Businesses, Workers Confused By LA County's Minimum Wage Hike
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Both the city and county of Los Angeles have approved a minimum wage of $15 an hour to be phased in over the next few years. But the way borders work in LA County, how much you make could come down to what block you're working on. Ben Bergman of member station KPCC reports.
UNIDENTIFIED MAN: Red light - one, two and three.
BEN BERGMAN, BYLINE: On a recent afternoon, kids were playing Red Light, Green Light at a roller-skating rink in Glendale, Calif., the third largest city in LA County. When you step outside next to the ticket window, you look right across the street to the city of LA. Owner Dominic Cangelosi says he watched with great interest when LA passed a $15 minimum wage.
DOMINIC CANGELOSI: And I thought, oh, my goodness, I'm right on the city line.
BERGMAN: You're lucky you're on this side of the street.
CANGELOSI: Well, yes. Right now, yes.
BERGMAN: Eighty percent of Cangelosi's employees make the state minimum wage of $9 an hour - though, as he points out, they do get to skate for free. But he doesn't see having to pay a lower minimum wage as an advantage because he expects workers to start asking for more money or quit.
CANGELOSI: It's just that we're going to lose good people. They're going to go cross over into the Los Angeles area and get a bigger wage. I'll have to either raise my wages or - I don't know what to do.
BERGMAN: Cangelosi thinks it would be easier if his city just adopted a $15 minimum wage. But Glendale's Republican mayor, Ara Najarian, isn't ready to do that yet, despite pleas from LA's Democratic mayor.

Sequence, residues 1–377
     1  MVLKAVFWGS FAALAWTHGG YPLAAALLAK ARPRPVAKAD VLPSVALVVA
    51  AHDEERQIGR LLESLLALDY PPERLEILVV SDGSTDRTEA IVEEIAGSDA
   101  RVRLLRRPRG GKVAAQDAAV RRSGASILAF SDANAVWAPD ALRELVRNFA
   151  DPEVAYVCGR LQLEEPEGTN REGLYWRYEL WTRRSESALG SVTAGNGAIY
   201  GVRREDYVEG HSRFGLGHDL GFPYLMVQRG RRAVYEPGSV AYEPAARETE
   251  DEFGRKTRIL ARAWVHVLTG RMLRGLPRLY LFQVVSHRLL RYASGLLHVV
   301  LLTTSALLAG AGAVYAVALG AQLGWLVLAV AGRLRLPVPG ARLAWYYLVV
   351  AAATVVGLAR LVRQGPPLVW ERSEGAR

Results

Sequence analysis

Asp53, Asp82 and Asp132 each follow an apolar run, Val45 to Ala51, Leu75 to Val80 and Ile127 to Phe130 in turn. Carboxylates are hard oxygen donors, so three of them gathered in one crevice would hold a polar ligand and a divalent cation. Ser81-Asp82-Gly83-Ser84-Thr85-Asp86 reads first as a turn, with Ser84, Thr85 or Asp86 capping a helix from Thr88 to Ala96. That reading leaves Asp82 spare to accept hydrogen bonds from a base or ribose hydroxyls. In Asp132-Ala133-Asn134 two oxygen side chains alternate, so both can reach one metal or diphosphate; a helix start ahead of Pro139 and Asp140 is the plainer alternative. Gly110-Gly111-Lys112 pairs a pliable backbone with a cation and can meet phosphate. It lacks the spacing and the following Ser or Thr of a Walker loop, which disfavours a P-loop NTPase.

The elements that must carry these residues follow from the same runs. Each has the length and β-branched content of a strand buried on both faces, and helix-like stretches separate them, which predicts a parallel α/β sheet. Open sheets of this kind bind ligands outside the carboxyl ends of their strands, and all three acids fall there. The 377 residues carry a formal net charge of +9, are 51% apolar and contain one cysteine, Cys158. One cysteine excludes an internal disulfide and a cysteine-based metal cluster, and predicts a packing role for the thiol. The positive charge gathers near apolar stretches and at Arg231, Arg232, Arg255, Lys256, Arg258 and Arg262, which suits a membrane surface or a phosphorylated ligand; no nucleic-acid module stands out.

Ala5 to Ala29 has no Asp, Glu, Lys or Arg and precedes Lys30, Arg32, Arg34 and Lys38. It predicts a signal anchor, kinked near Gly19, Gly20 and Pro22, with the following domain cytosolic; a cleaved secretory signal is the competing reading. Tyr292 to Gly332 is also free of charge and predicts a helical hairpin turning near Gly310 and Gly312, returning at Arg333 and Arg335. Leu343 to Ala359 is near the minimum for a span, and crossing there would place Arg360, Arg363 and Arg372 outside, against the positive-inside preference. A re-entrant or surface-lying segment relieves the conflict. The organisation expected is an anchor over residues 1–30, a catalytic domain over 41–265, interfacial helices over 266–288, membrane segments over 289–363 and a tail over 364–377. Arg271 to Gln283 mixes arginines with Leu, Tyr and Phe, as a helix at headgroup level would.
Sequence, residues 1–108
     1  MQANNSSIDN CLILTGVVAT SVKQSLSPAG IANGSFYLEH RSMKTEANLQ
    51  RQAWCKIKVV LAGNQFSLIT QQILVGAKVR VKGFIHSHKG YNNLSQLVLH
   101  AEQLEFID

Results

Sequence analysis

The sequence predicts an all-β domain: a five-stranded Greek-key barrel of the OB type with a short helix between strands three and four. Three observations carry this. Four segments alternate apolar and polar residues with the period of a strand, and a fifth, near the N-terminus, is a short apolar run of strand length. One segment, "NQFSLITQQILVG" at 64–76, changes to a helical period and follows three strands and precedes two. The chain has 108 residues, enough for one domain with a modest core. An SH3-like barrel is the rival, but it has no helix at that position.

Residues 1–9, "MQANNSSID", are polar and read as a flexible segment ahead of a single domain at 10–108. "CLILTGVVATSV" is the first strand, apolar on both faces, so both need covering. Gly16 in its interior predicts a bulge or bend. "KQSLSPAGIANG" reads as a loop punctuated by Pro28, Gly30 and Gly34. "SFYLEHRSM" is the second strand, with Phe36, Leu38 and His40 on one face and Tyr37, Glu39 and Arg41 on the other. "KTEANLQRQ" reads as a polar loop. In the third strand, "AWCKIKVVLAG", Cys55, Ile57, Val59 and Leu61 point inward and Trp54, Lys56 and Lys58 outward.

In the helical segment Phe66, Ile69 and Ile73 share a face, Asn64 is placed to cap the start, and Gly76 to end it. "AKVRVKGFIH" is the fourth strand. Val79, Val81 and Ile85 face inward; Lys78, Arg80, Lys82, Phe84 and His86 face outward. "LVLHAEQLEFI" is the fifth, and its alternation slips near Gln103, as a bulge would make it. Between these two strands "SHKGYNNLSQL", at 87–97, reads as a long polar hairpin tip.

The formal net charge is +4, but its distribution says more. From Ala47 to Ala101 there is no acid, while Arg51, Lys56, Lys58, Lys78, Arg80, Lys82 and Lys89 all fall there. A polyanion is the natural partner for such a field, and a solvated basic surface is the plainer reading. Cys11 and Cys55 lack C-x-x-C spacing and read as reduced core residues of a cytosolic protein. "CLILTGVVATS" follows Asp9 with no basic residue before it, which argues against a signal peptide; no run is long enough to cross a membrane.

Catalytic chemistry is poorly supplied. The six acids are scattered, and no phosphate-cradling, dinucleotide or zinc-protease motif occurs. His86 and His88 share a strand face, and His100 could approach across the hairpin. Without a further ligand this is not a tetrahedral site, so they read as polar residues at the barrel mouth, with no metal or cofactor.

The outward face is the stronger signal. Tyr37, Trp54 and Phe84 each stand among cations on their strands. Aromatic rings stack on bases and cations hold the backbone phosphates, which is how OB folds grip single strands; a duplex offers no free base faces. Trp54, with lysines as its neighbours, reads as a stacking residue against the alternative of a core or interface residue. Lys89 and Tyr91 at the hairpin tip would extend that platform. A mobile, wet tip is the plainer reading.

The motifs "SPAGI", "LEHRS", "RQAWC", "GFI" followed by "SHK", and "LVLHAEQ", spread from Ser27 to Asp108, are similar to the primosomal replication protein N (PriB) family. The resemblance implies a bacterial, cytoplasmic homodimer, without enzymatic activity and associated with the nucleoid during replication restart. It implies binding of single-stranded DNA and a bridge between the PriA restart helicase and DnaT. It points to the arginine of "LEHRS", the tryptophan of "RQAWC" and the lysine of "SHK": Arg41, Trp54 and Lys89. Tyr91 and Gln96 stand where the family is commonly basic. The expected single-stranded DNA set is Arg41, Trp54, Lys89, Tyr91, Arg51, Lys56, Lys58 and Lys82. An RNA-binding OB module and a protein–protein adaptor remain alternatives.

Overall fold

ARA NAJARIAN: I have not heard from Mayor Garcetti, but I'm expecting the phone to ring.
BERGMAN: If it does, Najarian will politely rebuff Garcetti's call for neighboring cities to follow LA's lead. Najarian will tell Garcetti Los Angeles can be the guinea pig.
NAJARIAN: I'm glad that you did it first. We really owe it to all of ourselves to see how it works out.
BERGMAN: Najarian can ignore Garcetti because LA, as big as it is, is just one of 88 cities in LA County. And the county minimum wage only affects the 10 percent of the population living in unincorporated areas. Even if you add to that the 40 percent of the population living in the city of LA, still, half the people here won't be covered by the $15 wage. LA's political structure is unique among big cities, says Ralph Sonenshein, head of the "Pat" Brown Institute for Public Affairs.
RALPH SONENSHEIN: New York City, for example, is made up of five counties. San Francisco is a city that is also a county. But in Los Angeles, this is how it's done.
BERGMAN: Minimum wage earners and employers are now at the mercy of LA's other 87 cities, each of which have their own unique politics. Kevin McKeown is a mayor of a city so liberal, "60 Minutes" once called it the People's Republic of Santa Monica.
KEVIN MCKEOWN: Frankly, I think Los Angeles moved faster than we thought. They certainly spurred us to move more quickly.
BERGMAN: Santa Monica plans to vote on a new minimum wage next month, which could be higher than $15. For Jose Luis, that raise can't come fast enough.
JOSE LUIS: It's a big difference in my life because if I can make more money, I can get a better place, better food.
BERGMAN: He says it's hard supporting his two kids on the state minimum wage. Luis lives in LA. He's tried again and again to find work in the city, but so far, no luck.
LUIS: At this time, it's not possible to get a job. Most jobs are already taken.
BERGMAN: So he drives to affluent Santa Monica, where there's a stronger demand for busboys like him. Minimum wage commuters like Luis are common, says Rusty Hicks, the union organizer who led LA's $15 wage campaign.
RUSTY HICKS: A number of residents live in one city and work in the other, and vice versa. In order to cover all of the workers in LA County, you've got to go to the other 80-plus cities.
BERGMAN: Which Hicks is doing now. But his real goal is to have every worker in California making at least $15 an hour. Organizers have started gathering signatures for a statewide ballot initiative that would do just that. For NPR News, I'm Ben Bergman in Los Angeles.
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